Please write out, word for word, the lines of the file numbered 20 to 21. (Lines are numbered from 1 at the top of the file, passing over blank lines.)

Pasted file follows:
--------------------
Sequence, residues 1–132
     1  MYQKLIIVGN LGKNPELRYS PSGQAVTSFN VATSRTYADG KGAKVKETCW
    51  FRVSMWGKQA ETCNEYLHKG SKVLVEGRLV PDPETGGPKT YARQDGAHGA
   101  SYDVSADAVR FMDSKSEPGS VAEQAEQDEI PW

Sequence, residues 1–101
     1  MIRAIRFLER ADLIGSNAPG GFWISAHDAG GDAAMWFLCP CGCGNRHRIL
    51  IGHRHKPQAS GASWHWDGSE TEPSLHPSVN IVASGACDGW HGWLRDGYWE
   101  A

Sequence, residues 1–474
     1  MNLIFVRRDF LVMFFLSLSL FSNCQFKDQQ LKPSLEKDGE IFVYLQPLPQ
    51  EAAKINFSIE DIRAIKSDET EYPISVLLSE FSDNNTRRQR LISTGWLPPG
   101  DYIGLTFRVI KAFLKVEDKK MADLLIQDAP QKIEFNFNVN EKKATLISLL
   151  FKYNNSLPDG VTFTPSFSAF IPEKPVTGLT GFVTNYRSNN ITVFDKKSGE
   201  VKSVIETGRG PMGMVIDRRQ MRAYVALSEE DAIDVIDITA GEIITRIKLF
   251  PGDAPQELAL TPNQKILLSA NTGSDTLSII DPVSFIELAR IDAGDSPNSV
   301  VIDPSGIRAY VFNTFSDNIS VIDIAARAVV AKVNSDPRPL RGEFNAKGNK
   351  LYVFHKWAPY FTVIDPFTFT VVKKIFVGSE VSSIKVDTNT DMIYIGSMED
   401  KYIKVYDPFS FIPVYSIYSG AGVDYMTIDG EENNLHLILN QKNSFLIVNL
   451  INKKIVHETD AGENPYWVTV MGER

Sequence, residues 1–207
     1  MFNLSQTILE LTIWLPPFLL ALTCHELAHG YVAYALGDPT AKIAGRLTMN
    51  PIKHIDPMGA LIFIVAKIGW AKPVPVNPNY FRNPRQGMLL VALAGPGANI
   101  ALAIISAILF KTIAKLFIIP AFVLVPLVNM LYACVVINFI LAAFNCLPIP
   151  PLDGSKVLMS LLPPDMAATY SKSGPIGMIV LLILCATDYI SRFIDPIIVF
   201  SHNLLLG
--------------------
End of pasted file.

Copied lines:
Sequence, residues 1–207
     1  MFNLSQTILE LTIWLPPFLL ALTCHELAHG YVAYALGDPT AKIAGRLTMN